Archive for November, 2011

STORY – Weird Weather

Wednesday, November 30th, 2011

Woke up to some more weird weather today. Hot and sticky in the morning, thundershowers by mid-day, some ice in the evening.

We looked up from the balcony of our third floor apartment.
“What’s it going to do next?”
She held my hand. We kept looking up.
“It’s going to get worse before it gets better.”
“I don’t think it’s going to get better.”

I put a sweater on; she took her sweater off.
“What’s the forecast for tomorrow?”
“More what?”
“More of the same.”
“Same what?’
“They don’t know. Anything the sky thinks of.”

We looked down and saw some children with a mother pass by.
“Don’t envy them. The kids.”
“The future is not what it once was.”
We looked at each other.
“Used to be able to depend on the future.”
“And now it is the least dependable thing going.”
It began to rain. Hard, cold rain with some chunks of ice hidden in-between the drops; she began to get little welts on her skin, sort of mini-burns.
“Ouch,” she said over and over.
“Burr,” I said again and again.

We went inside.
“The weather’s broken. I’m going to put something on my burns.”
She left to go to the medicine cabinet.
I said, “I’m going to put a second sweater on.”
“What? Speak up. There’s this frying sound in my ear.”
“I’m cold.” I brushed the ice from my hair.
“Turn on the television!” she yelled. “See what they are saying.”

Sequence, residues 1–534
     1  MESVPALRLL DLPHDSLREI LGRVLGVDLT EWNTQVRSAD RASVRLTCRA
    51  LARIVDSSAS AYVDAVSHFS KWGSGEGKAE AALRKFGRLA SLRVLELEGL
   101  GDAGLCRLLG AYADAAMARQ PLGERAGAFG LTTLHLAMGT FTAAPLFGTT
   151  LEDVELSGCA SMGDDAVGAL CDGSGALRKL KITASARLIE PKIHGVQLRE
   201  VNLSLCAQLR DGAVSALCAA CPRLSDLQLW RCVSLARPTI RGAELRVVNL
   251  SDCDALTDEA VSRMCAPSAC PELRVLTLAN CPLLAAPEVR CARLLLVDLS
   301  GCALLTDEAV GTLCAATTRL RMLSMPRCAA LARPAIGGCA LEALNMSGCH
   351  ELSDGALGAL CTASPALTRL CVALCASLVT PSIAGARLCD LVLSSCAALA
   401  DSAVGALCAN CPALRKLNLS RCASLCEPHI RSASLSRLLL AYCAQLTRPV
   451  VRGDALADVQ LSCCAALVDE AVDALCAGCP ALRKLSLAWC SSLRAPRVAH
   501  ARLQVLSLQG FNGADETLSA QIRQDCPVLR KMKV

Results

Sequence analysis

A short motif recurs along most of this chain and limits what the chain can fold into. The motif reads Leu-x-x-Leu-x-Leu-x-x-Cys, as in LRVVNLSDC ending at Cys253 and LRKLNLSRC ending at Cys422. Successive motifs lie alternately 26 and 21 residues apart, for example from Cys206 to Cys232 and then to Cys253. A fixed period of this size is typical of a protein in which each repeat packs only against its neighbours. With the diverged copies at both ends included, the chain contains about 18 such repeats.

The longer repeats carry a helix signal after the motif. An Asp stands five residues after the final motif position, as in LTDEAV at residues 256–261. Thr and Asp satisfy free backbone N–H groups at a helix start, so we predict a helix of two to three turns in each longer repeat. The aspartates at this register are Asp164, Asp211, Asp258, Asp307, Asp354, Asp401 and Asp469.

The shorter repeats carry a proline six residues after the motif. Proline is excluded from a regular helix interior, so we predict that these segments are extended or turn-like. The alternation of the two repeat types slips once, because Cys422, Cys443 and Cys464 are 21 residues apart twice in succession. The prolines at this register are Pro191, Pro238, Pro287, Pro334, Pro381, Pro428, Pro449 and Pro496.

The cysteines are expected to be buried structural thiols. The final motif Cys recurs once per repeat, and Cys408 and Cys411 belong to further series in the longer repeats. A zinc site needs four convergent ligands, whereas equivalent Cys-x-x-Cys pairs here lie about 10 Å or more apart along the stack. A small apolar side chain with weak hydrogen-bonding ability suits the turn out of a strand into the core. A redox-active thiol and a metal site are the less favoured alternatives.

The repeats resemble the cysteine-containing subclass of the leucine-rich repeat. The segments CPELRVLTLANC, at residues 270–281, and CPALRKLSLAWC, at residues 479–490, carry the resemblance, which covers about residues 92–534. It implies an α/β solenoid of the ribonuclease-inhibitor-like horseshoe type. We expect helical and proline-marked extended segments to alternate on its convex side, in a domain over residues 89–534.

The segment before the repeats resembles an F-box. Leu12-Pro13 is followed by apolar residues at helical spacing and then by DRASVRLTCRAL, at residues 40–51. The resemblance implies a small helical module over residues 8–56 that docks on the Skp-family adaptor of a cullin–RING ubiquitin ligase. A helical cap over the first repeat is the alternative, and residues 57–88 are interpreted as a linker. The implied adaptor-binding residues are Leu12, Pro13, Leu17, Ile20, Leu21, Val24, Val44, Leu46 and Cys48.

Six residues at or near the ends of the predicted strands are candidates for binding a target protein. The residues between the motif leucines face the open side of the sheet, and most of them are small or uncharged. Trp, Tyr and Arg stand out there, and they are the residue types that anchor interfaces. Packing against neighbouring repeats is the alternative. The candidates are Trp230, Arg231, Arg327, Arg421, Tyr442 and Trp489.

I did.
“What does it say?”
I listened.
“Forecast is constant.”
“What’s that?”
Expect anything, they reported.
I didn’t want to tell her this news for a moment. Let her live in hope for a few seconds more.

5/5 – Rejection: Victor Gollancz Ltd. Publishers

Tuesday, November 22nd, 2011


Victor Gollancz Ltd, UK Publishers, once wrote in rejecting my novel Self-Portrait of Someone Else: “I was very struck by it; it’s an extraordinarily powerful piece of work.”

Here’s the actual letter:

The letter in pdf:
Victor Gollancz Ltd. rejection letter in pdf

I can take the pain. Here’s a one-minute video to prove it: CLICK HERE TO WATCH


This is the fifth (and last) in a video series of this great, good book getting its backside kicked. Onward to indie publishing.

Here’s the previous video I did on this theme….

Story – A Couple of Doors Down

Thursday, November 17th, 2011